- Sentiment steadies
- Recession fears growing - UK consumer spending slides
- Commodity prices easing
European stocks rose in early trade on Friday after a solid session in Asia which followed an up day for Wall Street. Stocks in London and Paris rallied as much as 1 per cent, whilst Frankfurt was about half of one percent higher for the session. The S&P 500 rallied 1 per cent and is headed for a weekly gain of 3.3 per cent, with the Dow Jones up 2.6 per cent and the Nasdaq Composite outperforming with a rise of 4 per cent. This gain for tech seems to be a yield play. European stock markets are headed for much smaller weekly gains but remain in the green as of this morning. Increasing worries Russian will cut off gas supplies as it flexes its muscles with flows down a lot lately. Head of German utility RWE said European solidarity will come under “significant stress” if the bloc cannot sort out how to prioritise gas supplies if Russia cuts them off. US nat gas yesterday extended losses apparently on cooler temperatures forecast in North America.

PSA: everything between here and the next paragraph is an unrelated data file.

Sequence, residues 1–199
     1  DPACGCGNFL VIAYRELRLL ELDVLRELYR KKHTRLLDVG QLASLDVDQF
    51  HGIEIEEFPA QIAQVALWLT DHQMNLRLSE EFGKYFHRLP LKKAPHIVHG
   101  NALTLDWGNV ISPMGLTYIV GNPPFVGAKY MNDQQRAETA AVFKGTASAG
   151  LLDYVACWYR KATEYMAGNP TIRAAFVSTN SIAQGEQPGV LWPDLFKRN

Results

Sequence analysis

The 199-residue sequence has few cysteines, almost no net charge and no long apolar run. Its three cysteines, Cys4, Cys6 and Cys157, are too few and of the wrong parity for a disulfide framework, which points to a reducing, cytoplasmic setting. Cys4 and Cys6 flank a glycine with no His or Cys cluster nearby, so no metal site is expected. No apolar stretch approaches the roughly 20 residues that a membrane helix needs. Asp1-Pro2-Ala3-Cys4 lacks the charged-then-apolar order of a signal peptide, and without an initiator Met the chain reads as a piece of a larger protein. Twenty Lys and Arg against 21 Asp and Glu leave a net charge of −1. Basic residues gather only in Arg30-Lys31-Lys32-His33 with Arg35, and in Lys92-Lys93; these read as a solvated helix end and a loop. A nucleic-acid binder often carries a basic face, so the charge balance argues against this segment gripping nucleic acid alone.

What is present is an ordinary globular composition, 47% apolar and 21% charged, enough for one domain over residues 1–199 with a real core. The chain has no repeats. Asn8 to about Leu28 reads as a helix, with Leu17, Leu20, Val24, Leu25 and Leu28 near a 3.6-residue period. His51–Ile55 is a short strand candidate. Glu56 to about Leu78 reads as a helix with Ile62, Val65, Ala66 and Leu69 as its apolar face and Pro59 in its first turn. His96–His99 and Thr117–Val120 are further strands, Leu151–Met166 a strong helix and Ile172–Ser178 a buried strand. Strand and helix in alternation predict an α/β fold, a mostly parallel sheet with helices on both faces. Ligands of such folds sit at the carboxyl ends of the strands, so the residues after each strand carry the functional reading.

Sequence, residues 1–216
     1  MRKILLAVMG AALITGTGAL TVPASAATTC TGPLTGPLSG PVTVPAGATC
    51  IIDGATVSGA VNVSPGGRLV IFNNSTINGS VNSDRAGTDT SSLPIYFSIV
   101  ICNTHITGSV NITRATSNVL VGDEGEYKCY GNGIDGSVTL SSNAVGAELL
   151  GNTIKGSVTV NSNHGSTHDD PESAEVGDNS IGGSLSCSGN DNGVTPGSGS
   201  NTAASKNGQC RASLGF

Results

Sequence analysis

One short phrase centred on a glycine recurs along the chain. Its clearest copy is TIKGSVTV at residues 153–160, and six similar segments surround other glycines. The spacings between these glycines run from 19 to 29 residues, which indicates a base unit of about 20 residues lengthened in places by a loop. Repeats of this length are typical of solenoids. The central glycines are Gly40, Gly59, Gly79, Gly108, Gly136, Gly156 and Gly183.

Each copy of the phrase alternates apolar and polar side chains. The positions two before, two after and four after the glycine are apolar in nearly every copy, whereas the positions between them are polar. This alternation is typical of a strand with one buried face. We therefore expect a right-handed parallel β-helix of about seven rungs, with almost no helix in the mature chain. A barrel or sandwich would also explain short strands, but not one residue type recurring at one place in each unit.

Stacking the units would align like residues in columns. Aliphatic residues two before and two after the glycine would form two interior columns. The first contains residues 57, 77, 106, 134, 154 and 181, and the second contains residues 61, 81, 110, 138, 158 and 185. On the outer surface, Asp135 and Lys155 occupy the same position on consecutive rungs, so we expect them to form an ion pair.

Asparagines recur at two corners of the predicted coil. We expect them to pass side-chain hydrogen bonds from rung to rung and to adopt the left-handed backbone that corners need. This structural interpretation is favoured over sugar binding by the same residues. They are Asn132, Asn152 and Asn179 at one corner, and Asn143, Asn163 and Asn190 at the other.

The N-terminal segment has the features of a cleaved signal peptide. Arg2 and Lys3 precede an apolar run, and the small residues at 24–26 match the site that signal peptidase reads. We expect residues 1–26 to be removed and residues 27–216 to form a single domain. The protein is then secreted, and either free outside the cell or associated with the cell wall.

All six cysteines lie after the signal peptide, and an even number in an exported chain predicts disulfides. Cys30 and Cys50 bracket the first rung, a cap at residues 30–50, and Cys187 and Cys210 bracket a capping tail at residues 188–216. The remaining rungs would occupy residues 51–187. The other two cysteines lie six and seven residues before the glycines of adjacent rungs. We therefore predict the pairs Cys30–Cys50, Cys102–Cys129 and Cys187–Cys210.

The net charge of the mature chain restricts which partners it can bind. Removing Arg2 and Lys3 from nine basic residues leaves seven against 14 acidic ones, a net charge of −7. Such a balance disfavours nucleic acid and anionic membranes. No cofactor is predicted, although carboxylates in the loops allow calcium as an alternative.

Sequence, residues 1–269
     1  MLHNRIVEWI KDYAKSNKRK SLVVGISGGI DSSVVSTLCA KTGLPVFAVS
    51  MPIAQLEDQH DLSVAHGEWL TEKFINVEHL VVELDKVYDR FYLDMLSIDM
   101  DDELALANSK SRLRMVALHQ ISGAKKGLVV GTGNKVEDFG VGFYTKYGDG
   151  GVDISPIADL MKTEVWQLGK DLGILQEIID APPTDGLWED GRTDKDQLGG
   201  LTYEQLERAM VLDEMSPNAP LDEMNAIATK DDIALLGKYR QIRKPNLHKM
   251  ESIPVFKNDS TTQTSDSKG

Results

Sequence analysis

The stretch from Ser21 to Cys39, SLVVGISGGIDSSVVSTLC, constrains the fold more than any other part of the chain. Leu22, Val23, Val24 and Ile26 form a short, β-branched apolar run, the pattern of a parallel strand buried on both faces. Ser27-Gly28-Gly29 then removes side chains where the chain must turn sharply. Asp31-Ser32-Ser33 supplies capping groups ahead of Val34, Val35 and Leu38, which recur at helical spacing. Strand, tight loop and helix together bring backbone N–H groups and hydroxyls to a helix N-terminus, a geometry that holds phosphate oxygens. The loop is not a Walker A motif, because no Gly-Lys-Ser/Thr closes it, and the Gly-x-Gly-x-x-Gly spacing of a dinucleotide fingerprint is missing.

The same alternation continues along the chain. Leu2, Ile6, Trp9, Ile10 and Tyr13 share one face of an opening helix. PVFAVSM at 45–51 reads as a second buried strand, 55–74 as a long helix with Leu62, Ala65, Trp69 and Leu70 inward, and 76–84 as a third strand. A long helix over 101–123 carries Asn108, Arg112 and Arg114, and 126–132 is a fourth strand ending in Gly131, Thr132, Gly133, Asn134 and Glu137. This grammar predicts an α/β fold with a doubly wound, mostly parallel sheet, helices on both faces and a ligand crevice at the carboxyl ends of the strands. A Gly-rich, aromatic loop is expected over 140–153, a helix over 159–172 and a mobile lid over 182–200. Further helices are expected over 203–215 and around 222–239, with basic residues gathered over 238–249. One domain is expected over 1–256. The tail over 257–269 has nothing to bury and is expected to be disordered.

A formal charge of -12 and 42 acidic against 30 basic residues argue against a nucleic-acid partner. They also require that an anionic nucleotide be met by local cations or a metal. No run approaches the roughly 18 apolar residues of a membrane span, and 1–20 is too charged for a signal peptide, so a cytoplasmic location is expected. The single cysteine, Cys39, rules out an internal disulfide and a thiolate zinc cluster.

Recession fears: commodities down, yields down. Contrary trade saw US tech bid on lower yields, whilst energy and basic materials were down again. 10yr Treasury close to breaching 3 per cent with 2s 20bps below indicates the market is worried about slower growth over the longer term but confident the Fed will hike to neutral – around 3 per cent or so - this year, and then possibly start cutting in 2023. Rates have moved sharply to wipe out all the extra yield since the hot CPI report and the Fed’s 75bps hike. Recession fears mean the market has dialled back its expectations for just how the far the Fed will go, which is helping growth stocks to mount a defence. PMIs are declining and lower commodity prices has the market more focused on slowdown than searing inflation, which seems on-balance net positive for stocks. But this masks lots and we don’t know how far earnings estimates need to come down… arguably the multiple compression we have seen points to the market already pricing in lower earnings growth, not just a higher risk-free rate. Frankly the give-back in yields looks complacent but there might be more of it before bonds are sold again.